I really enjoy trying almost any of the DFH concoctions. (The video link is not there.) I may have an old review of the Theobroma somewhere, too. I also received a bottle of the 300th (I exaggerate) annual offering of Anchor's Our Christmas Ale as a trader this weekend and plan to sip that one over the Thanksgiving weekend.
This beer is based on chemical analysis of pottery fragments found in Honduras which revealed the earliest known alcoholic chocolate drink used by early civilizations to toast special occasions. The discovery of this beverage pushed back the earliest use of cocoa for human consumption more than 500 years to 1200 BC. As per the analysis, Dogfish Headís Theobroma (translated into 'food of the gods') is brewed with Aztec cocoa powder and cocoa nibs (from our friends at Askinosie Chocolate), honey, chilies, and annatto (fragrant tree seeds). It's light in color - not what you expect with your typical chocolate beer. Not that you'd be surpised that we'd do something unexpected with this beer!
This beer is part of our Ancient Ales series - along with Midas Touch, Chateau Jiahu, and other - step back in time and enjoy some Theobroma.
Quite the fascinating and distinctive brew. Almost reminded me of milk chocolate covered fancy-arse orange jellied candies with a generous amount of orange zest/peel. Served slightly chilled in wine glasses as our after dinner drink/dessert, I think we all found it to be easy on the palate, guessing an IBU of about 40 and a bit winey at 9% ABV. The ancho chilies gave it a tiny bit of a zing, but nothing fiery. The cocoa nibs/powder were not dark or overly chocolatey as one might expect if you had a porter or a stout. Spendy at about $10 for the bomber but worth a try, as just about all the DFH brews are.
I'll be curious to read your thoughts after your weekend tasting.
Boy, I love this stuff!
Has anybody tried it yet?
An hour after drinking it, I have kind of a dry, sour taste in my mouth. That may be the ancho.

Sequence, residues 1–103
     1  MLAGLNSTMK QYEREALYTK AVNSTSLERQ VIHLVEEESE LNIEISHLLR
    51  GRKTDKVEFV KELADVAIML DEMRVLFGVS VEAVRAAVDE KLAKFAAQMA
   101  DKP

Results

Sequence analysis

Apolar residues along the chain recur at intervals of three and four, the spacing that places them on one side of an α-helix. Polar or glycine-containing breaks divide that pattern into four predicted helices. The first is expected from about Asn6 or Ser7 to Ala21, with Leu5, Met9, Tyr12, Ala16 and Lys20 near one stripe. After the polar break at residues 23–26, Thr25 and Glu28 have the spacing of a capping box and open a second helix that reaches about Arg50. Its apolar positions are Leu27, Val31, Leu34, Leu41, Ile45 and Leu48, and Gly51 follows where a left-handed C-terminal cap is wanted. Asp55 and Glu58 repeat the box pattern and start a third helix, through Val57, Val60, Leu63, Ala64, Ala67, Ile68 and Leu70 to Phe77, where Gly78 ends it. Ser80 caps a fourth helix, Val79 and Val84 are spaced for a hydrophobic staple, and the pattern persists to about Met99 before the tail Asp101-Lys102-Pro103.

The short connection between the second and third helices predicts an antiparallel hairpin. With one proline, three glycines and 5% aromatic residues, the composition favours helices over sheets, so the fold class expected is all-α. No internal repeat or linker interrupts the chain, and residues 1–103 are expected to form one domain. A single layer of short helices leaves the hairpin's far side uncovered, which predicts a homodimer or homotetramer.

I enjoyed it but wouldn't purchase it again.
Purchased as a b-day present for me at a great little spot in Austin called Haddington's. Had to split it with a buddy. I generally stick with American brews just because there is so much to try, but this one was fun.
Malheur Dark Brut
Close to champagne in carbonation and even taste - lots of fruit. Very malty too, though, and alcohol was there throughout, but not in a bad way.
I am still learning how to "taste" beers, and I find myself reading other reviews of beers to understand WHAT it is I am tasting and liking so that I can seek it out in the future. It's tough, though, because I can still knock out some light beers in a can at a tailgate or a party when called upon, so I'm not always thinking about what I'm drinking. Let's just say my palate is untrained, and I truly appreciate your posts!!
Harvest Ale-Goose Island Brewing
I have not had an ESB in a while and this ale was a very nice example. A bit less bitter than I thought at 35 IBU, this single hop ale was a bit fruity and a bit piney and, at a fairly standard ABV of 5.7%, worthy of being included in a session or with a meal of burgers, brats, chicken or ribs from the grill. Lavabe brought this for my private enjoyment after daughter #2's wedding last month and I will use the extra as a trader next month .
Your review was interesting, too. That is a brew I have never seen or heard of before.
Picked up a case of Samuel Adams Holiday Brews at Sam's Club the other day. So far I've tried the Chocolate Bock and the Holiday Porter. The Bock reminded me of Creme de Cocoa. Both beers were quite enjoyable.